Part 3 in a 3-part series
In the first two parts of this series, we used the example of nurses filling foam canisters in hospitals (to increase the odds of hand washing that protects patients from infection) to demonstrate what it takes to build accountability in an organization. Accountability requires promises, which in turn require effective requests (or offers) and acceptance of those requests. If the goal is for everyone involved to follow a similar process, i.e. standardized work, then it’s important that they all explicitly promise to do this. But what do you do if a nurse isn’t following standardized work? According to Mark Graban, the first thing to do is to ask why. He proposes asking the following about a surgeon who fails to follow “universal protocol” before a surgical case, but the same applies to nurses who fail to refill canisters.
We can ask:
- Is it a case where the person CAN’T do the work properly?
- Do they not know how? This might be a systemic training problem. The individual can’t be held accountable for that.
- Does the person not have the right resources? Maybe they WANT to do it right, but they just can’t. Leadership needs to help eliminate those barriers.
- Is it a case where the person WON’T do the work properly?
- Is the situation one where the person truly has a choice and they made a bad choice?
These breakdowns in the delivery of a promise all stem from a promise that (we’ll assume for the moment) was effective but not reliable. As we’ve seen, an effective promise requires clear conditions for satisfaction, a clear timeframe, a specific speaker and listener, and a background of obviousness. A reliable promise requires more, namely a grounded assessment that the nurses are sincere, competent, and reliable. We can unpack Mark’s analysis using these terms:
- Wants to but doesn’t know how. My translation: the nurse is sincere but not competent. This could be a systematic training problem, but I’d call it a systematic competence problem. Whether lack of training is the cause of insufficient competence is an open question. (After all, there are many ways to build competence: shadowing, mentoring, deliberate practice with feedback, and of course formal training.) Once we identify competence as the issue, here is the next question I’d ask after discovering that one or more nurses are not competent at a process: who assessed that these nurses were competent to begin with, and what was the grounding for their assessment? In a similar vein, who will be responsible for making these assessments in the future? The reason to ask these questions is that a promise goes from effective to powerful when the “customer” of that particular request (in this case, the manager) assesses the people being asked (in this case, the nurses) as competent—and has solid grounding for this assessment! To put it more simply, a powerful promises requires that the manager trust the competence of the nurses to fulfill this particular promise.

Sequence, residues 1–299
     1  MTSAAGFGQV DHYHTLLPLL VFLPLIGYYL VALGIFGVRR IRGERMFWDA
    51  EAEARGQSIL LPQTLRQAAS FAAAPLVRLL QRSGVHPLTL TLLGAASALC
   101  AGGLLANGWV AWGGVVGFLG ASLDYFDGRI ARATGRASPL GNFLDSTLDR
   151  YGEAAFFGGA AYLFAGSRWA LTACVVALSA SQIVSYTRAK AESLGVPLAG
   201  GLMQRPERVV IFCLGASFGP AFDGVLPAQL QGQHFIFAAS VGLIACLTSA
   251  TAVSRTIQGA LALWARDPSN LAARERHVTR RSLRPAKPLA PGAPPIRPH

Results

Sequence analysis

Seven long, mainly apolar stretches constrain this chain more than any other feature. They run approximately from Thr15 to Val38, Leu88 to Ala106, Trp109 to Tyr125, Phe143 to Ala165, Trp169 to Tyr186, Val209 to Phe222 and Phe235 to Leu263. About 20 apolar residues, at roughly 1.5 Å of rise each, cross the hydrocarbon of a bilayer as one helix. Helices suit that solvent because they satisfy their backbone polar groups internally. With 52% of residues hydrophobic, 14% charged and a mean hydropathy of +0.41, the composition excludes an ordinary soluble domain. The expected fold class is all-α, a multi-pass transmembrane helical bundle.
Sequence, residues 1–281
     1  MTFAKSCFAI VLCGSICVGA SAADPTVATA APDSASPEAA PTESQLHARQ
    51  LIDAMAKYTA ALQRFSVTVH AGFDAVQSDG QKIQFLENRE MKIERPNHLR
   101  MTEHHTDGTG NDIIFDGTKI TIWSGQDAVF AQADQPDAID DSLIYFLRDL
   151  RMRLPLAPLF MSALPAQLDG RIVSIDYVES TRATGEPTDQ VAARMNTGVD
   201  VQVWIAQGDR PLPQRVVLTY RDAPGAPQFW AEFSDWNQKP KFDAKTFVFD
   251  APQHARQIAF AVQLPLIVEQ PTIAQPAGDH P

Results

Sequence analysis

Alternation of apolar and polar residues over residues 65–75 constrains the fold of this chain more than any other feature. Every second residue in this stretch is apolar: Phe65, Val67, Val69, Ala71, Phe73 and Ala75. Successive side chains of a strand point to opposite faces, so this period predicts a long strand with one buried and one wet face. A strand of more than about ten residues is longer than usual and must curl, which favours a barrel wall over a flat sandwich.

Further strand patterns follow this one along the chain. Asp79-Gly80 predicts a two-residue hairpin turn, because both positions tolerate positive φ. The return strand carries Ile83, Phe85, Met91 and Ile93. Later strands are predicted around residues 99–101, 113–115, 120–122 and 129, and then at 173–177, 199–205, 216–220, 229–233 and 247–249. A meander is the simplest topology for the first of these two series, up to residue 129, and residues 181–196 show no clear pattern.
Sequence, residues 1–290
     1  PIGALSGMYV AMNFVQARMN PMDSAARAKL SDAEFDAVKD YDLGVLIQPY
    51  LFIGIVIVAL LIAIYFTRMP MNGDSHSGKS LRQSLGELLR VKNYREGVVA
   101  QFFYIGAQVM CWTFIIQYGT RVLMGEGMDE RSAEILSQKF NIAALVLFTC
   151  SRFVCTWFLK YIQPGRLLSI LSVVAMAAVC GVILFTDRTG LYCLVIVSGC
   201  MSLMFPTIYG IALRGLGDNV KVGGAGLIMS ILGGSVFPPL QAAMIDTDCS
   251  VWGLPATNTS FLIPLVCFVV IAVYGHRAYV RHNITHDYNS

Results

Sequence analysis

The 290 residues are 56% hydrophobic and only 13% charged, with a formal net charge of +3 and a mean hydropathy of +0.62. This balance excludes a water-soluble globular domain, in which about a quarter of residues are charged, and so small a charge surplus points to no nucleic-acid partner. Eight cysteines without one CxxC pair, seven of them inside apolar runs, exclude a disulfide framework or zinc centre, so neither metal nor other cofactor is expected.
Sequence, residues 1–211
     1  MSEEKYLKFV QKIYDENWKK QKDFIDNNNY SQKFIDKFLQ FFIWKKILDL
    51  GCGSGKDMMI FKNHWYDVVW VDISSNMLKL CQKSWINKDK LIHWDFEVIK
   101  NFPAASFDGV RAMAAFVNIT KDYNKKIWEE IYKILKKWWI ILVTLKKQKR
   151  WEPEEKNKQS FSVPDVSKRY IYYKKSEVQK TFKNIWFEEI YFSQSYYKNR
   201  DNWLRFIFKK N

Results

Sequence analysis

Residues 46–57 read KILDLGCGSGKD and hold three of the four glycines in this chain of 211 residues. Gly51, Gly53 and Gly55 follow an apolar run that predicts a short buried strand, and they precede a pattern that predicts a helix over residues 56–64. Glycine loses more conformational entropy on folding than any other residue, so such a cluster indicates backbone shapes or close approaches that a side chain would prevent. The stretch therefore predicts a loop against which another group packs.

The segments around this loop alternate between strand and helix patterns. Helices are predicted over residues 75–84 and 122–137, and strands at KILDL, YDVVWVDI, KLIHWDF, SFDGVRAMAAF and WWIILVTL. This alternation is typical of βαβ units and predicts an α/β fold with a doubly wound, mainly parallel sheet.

- Wants to and knows how but lacks resources. Here I would say that the nurse is sincere and competent, but neither the nurse nor the manager has made a grounded assessment of the nurse’s reliability at fulfilling this particular promise. One question to ask: did anyone make an explicit assessment about resources needed, and how well grounded was this assessment? If the nurse knew that they needed resources but didn’t declare this need, why didn’t they? Or was it instead the case that the nurse spoke up about resources but then nothing happened, i.e. the manager didn’t offer to provide resources nor did the nurse request it?
- Doesn’t want to do it. Here we can say that the nurse’s promise is not sincere. Behind the public acceptance of the request is a contradictory private thought, e.g. there is no way I’m going to do this. Or I’ll do this but only in X situation. Saying that someone is not sincere in making a promise does not mean they are a bad person or even that they are dishonest or untrustworthy. It means that at a particular moment when the agreed to fulfill a promise, what they said did not match what they were thinking and feeling.
Hopefully, my riff on Mark’s example illustrates why genuine accountability is often challenging: there are so many ways for the mere act of making a promise to break down!
In future posts, we’ll take this a step further. We’ll ask: why is it that even reliable promises break down in their delivery or in the assessment of results? Hmm….